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Author Topic: A Myriad of Questions  (Read 425 times)

Groundhog

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A Myriad of Questions
« on: August 25, 2005, 07:12:46 AM »
A lot of background info is necessary, as on paper, I look like a mainstream non URM applicant.

My first question deals with my background and as it applies to a PS/diversity essay. I'm a white male, but I was born and raised in South Central Los Angeles, where I remain the only white kid(when I'm at home). Further, I was the only white person in my school until middle school, and then I went to a very mixed middle school with no ethnicity having above 30%. After that, I was again in a small minority(of about 20%) of white students amongst a vast majority of non-traditionally aged students, as it is one of the school's specialties. How can I frame this best in my personal statement? I was going to use amusing anecdotes of my experiences, especially in elementary school, being the only white kid. Should I use this only as a diversity question? Is either likely to backfire? Will this help at all, when most personal statements are mostly the same?

Second, I started full-time college enrollment before finishing ninth grade through a special program. I was planning on using that fact, but I wasn't sure exactly how. Also, earning good grades in college was harder at the age of 15 than it was now, which hurts my cumulative GPA. Also, this adds to the diversity issue, because I've almost always been younger than everyone else. Any suggestions on how to discuss this and how it might affect admissions?

On a completely unrelated question, I signed up for Intramural sports a couple times. Well, it required you do something every week or you'd supposedly get dropped. Well, a couple times out of the 10 times I took it, I was sick and missed it and it was supposedly dropped, but it showed up as a No Credit, which I believe will lower my LSAC calculated GPA, even though they of course promised us that it didn't matter. At that point, I would've rather been penalized on a percentage basis. Is there anything I can do about it? It's a darn PE Class, and it was, in spirit more like No Credit Attempted, even though my school only has No Credit, which I believe the LSAC counts as No Credit Earned from my school. A letter to LSAC? Anything?

Now for the boring stuff. With or without all the darn I listed above, what are my chances at the tops? Yale, Harvard, Stanford, and Berkeley are the main ones I'd be interested in(along with every other law applicant). I've got a 3.7(3.75 without those two units of NC), and I've been earning around 173 on the LSAT.

Thanks so much for any advice you can give.

Oh, and I'm a Philosophy major, with strong Latin and Classics background, if that helps.

HippieLawChick

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Re: A Myriad of Questions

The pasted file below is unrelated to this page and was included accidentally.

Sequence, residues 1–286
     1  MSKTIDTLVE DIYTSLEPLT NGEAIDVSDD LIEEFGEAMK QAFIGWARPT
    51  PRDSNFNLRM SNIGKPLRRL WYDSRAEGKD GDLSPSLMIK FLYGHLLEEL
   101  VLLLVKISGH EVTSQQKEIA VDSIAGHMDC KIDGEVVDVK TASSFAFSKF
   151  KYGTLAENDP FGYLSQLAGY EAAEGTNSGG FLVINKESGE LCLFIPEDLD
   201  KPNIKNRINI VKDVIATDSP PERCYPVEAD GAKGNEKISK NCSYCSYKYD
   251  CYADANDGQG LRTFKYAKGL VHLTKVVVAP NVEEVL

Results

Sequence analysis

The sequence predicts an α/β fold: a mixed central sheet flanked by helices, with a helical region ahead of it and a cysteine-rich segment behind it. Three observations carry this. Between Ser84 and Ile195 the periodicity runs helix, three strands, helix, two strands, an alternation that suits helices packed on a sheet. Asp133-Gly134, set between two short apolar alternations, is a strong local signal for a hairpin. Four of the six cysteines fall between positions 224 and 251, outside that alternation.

« Reply #1 on: August 25, 2005, 01:43:21 PM »
Diversity essays are supposed to be about how you would contribute to the diversity of the law school if admitted, not how you were a "minority" in the past.  You can write about these things as interesting experiences you had, but I don't believe that being white makes you unique for law school purposes.  While this was a challenge you had in middle school, it isn't something you will encounter in law school. 

If LSAC counts those no credits, there is nothing you can do, unless your school changes the transcript they are submitting to LSAC.  You should probably just write a quick addendum on it.

For your chances, see www.lawschoolnumbers.com and chiashu.com

Best of luck to you!

Groundhog

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Re: A Myriad of Questions
« Reply #2 on: August 26, 2005, 08:17:16 AM »
Thanks for the frank advice. I was planning on using it as my main personal statement, though, figuring maybe it'll help me stand out compared to other non-URMs. I figured it might make for a different perspective, if nothing else, which I hoped law schools might value.

What kind of addendum would I write, and is it worth drawing attention to the two NCs for a .05 boost in GPA?

HippieLawChick

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Re: A Myriad of Questions
« Reply #3 on: August 26, 2005, 09:07:23 AM »
The schools will definitely appreciate the different perspective if you write it right....

make the grade addendum short and sweet...remember that these people have thousands of apps to read.  In the grand scheme of your academic career, these two grade issues are a drop in a bucket.


Groundhog

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Re: A Myriad of Questions
« Reply #4 on: August 27, 2005, 09:52:09 AM »
Thank you. Would you be interested in reading it? Should I post a new thread in the PS forum asking for volunteers?

Anyone else want to read?